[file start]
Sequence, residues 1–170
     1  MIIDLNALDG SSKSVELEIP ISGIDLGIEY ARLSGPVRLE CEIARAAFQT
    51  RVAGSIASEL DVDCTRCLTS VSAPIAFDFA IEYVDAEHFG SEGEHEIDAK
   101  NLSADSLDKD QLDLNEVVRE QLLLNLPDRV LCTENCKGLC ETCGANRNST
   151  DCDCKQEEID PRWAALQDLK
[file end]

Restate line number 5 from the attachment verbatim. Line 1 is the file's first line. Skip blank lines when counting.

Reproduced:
   151  DCDCKQEEID PRWAALQDLK